From getting the best cruise deals to making the most of your family cruise, our favourite travel bloggers and experts reveal their top cruise tips
1. Packing for your cruise
Tara Cain of thestickyfingersblog.com: “The first time we went on a family cruise we were caught short. We didn’t realise we would be spending a few hours without our suitcases, so the kids didn’t have swimwear for that amazing pool on board that was inviting them to jump in. So make sure you have hand luggage to see you through with the essentials – swimmers, sun screen, sunglasses, hat, books – so you can either enjoy the onboard activities straight away or at least kick back and relax while the youngsters do.”
2. Snapping up the best cruise deals
Johnny Ward of onestep4ward.com: “For me, finding the best cruise deal is all about timing – being flexible is key. Forget peak season and catch the tail end of low season or try the shoulder season. Often cruises are literally less than half price. You can’t go wrong with that.”
3. Choosing a cruise excursion
Julie Peasgood, Contributing Editor of Cruise International: “Some places are great for going off-piste and wandering around by yourself, especially European destinations, or if you just want to lie on a gorgeous white-sand beach all day. But if the language is unfamiliar, you’re nervous about straying too far and not getting back to the ship on time or there are things you couldn’t arrange easily by yourself – such as a trip to the ballet in Russia or swimming with turtles in the Caribbean – then it’s a much better idea to stick to an organised ship’s tour. It probably works out cheaper than trying to go it alone for the more specialist trips – and you always make it back on board in time.”
4. Ocean or river cruise?
Becky Wiggins, Contributing Editor of Cruise International and blogger at englishmum.com: “If you love a city break, then consider a river cruise. My favourite is a Rhine cruise, which allows you to explore several wonderful cities as well as fairy tale castles and spectacular scenery all on one trip. Such diversity from a single cruise makes it excellent value for money.
“If you really want to personalise your cruise to your own taste, there are a whole host of ocean cruises specialising in everything from golf to yoga. For example, if you’re a foodie, consider booking Britannia when one of P&O’s Food Heroes like Eric Lanlard or James Martin are on board, or if you’re an oenophile, splash out on one of SeaDream Yacht Club’s wonderful wine voyages.”
5. Family cruising
Liz Jarvis, Editor of Cruise International: “On bigger ships there’s a dizzying array of onboard activities to satisfy even the hardest-to-please children, with fabulous free kids’ clubs to suit all ages from five upwards (even teens). It’s the perfect opportunity to grab some adult time, safe in the knowledge that your kids are being well looked after and making new friends. The only challenge is persuading them to leave the clubs to join you at dinner or on an excursion.” Liz also blogs about family travel at themumblog.com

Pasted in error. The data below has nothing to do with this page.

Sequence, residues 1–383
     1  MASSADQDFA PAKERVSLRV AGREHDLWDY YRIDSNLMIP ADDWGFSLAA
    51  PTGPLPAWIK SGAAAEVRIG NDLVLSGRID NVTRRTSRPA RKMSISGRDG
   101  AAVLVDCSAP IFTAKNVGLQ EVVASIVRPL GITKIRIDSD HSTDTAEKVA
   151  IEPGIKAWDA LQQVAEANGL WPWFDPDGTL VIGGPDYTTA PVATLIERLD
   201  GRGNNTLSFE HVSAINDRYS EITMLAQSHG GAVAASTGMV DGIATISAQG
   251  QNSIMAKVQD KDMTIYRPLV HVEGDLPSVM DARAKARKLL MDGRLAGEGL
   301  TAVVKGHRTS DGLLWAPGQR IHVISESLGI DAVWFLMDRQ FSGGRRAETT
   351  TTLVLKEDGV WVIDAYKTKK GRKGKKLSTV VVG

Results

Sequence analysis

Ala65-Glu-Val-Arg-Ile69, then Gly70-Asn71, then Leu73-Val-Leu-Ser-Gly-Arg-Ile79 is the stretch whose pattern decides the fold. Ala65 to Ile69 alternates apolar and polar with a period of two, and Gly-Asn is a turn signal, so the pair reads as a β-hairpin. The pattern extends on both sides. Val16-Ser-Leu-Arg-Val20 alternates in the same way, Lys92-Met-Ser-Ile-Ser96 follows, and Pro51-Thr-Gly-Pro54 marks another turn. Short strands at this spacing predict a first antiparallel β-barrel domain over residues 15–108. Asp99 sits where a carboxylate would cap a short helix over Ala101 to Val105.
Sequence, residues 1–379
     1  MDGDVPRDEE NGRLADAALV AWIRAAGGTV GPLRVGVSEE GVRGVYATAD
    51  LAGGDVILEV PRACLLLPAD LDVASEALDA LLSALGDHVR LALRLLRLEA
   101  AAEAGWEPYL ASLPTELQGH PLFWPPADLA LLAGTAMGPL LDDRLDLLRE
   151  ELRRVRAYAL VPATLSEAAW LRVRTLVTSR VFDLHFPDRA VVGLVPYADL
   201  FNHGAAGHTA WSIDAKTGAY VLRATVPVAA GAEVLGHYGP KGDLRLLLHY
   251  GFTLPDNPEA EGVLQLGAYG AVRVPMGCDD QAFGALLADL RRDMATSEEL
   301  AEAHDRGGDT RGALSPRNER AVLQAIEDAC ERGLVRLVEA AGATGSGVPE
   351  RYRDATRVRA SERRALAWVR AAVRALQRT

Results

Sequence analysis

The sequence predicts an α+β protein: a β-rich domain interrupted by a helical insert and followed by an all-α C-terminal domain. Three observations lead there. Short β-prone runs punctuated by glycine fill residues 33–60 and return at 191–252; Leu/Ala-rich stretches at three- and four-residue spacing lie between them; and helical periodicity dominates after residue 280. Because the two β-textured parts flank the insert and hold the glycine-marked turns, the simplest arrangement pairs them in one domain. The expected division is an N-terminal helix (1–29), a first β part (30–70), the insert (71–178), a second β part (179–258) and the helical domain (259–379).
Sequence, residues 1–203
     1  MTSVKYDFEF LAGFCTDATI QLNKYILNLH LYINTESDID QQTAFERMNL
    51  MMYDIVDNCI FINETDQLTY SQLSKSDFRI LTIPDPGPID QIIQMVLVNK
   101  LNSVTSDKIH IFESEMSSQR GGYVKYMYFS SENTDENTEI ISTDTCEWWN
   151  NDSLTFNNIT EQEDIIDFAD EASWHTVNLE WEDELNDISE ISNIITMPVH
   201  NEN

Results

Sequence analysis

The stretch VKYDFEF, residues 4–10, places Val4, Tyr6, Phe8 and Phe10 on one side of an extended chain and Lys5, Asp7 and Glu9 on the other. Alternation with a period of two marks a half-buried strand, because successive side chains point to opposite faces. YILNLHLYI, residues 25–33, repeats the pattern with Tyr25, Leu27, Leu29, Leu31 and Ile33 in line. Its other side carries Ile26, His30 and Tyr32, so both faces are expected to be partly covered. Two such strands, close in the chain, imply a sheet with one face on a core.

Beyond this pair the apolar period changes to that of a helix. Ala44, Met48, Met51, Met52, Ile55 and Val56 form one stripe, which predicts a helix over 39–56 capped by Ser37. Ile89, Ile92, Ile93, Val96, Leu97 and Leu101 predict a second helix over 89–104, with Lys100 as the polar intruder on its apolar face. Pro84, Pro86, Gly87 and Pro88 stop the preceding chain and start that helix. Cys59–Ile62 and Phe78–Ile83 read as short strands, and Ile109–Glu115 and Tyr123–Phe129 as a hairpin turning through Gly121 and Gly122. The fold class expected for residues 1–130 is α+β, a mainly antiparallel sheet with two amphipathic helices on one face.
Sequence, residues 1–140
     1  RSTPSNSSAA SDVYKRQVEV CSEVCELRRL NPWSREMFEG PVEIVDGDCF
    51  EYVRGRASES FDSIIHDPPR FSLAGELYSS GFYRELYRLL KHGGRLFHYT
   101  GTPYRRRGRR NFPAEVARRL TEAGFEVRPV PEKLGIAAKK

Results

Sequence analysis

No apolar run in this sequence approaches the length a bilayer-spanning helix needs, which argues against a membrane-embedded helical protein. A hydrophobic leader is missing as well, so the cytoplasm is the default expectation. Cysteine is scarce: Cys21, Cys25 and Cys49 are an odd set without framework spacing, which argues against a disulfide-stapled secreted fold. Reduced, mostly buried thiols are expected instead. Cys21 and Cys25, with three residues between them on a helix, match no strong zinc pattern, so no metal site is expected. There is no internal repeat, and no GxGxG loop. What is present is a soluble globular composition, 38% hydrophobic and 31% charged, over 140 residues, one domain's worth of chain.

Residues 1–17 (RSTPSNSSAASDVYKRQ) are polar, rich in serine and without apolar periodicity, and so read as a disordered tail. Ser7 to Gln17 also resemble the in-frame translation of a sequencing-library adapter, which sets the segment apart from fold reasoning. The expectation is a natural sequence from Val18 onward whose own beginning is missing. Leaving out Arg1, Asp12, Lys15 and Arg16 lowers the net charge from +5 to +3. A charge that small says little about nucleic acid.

6. Choosing your cruise destination
Gary Bembridge of tipsfortravellers.com: “Go for one that you cannot do or is almost impossible to do by land or one that provides an experience that cannot be beaten any other way. For example, exploring the Norwegian Fjords or Alaska on a cruise will let you see more as driving around the area is difficult. You can even head to the Arctic or Galápagos Islands. Transit through the Panama Canal, or even sail across the Atlantic to New York from Southampton and relive the glamour of travel past.
“If you have a region in mind but you’re not sure exactly where to invest your time and money, then go on a cruise to get a taste of that area. A Caribbean cruise will let you sample five or more islands and decide which to go back to. Mediterranean cruises let you sample different countries and cities in Europe, while a cruise around Asia lets you experience a cross section of this diverse part of the world. Armed with these experiences you can then head back and explore for longer with greater confidence.”
7. Making the most of onboard spas
Julie Falconer of aladyinlondon.com: “To get the best value, book spa treatments on in-port days. Talk to the spa staff when you arrive to see if there are special packages or discounts available for off-peak times or multiple treatments.”
8. Choosing a cruise line
Sara Macefield, Contributing Editor of Cruise International: “If you want to go for glamour, then pick lines such as Cunard and P&O Cruises which have formal evenings where you can dress to the nines. If you want to stay casual, opt for US cruise companies such as Norwegian Cruise Line or Royal Caribbean International, which have a more laid-back feel.”
9. Cruising as a solo traveller
Abigail King of insidethetravellab.com: “Don’t be afraid to get out there and start chatting to people. Cruises are a great place to make friends because of the informal seating arrangements at dinner, the plentiful drinks events and, of course, the organised activities and excursions that make it easy to break the ice and get to know your fellow passengers.”
10. Dining on board
Rosana McPhee of hotandchilli.com: “If you need to make changes to your booking for a particular restaurant onboard, make it early to avoid disappointment. Once at the table make sure you get to know your server – they know the menu well and can help with any queries – and the sommelier, who can make your dining experience pleasurable with their suggestions.”
If you’ve been inspired to take a cruise, use our Cruise Finder to find your perfect voyage.